Copyright 1999 Laurence E Dahners
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A humble childhood had the boy who would one day be known as such.
He was born one cold and bitter winter night to a woman called Donte, who gathered and cooked for the Aldans tribe. His father Garen was a flintworker. Garen named his son Pell, a term in their language for a flake of flint.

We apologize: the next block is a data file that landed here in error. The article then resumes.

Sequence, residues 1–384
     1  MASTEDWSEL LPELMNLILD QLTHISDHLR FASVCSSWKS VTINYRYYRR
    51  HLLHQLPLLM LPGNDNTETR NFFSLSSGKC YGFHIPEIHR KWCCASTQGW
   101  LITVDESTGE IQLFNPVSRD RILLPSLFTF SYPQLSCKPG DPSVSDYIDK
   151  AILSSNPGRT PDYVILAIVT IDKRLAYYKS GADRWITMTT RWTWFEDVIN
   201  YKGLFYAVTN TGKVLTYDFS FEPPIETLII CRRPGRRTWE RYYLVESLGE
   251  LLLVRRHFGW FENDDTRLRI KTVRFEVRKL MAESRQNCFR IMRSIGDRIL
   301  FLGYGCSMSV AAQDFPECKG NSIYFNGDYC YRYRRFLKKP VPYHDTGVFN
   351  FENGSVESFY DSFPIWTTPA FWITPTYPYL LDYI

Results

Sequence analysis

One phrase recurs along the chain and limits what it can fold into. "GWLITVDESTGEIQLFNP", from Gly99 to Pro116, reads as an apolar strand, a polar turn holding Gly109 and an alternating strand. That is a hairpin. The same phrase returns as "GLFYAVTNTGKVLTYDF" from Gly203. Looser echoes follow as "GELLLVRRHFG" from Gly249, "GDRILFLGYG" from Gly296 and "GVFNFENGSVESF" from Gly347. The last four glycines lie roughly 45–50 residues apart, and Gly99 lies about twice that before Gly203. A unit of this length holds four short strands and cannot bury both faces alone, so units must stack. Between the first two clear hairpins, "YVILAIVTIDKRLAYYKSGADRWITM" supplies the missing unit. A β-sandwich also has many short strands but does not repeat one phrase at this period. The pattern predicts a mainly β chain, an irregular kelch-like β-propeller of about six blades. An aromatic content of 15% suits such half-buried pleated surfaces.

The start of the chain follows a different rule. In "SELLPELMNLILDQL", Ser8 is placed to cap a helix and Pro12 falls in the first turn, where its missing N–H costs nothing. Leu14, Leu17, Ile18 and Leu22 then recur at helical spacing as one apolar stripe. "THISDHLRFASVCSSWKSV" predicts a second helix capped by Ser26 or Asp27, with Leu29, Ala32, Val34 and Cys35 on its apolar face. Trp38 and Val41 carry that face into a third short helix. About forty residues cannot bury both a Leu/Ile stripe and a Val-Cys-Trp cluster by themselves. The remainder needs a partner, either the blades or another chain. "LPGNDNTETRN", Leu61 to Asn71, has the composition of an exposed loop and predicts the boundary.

During Pell’s seventh winter, before Garen had taught his son more than the rudiments of flintworking, Garen developed pains in stomach, then fevers, then agony. He died a few days later. When Garen knew that his death approached, he called to Pell. Mildly delirious from the fever, Garen gritted his teeth against the pain. He said, “I have seen the death spirit Pell—and know it comes for me.” Garen gasped a moment, but then continued, “I hope that you will become a great hunter. But… I have watched you playing with the other boys and ... I fear that you will not have the hunting skill. I didn’t and sons often take after their farthers. Thank the spirits, you don’t have the ‘clubbed foot’ like I did though. If you are like me, your ‘skill’ will be in the making of tools and in being able to see better ways to do things. The others of the tribe may not recognize such abilities as worthy skills. But Pell, whether the others recognize your value or not, where they are strong and quick, you must make and use tools…” He slipped away for a moment, then whispered, “I’m sorry—sorry I didn’t teach you how to work flint.” The boy sobbed as Garen’s consciousness lapsed.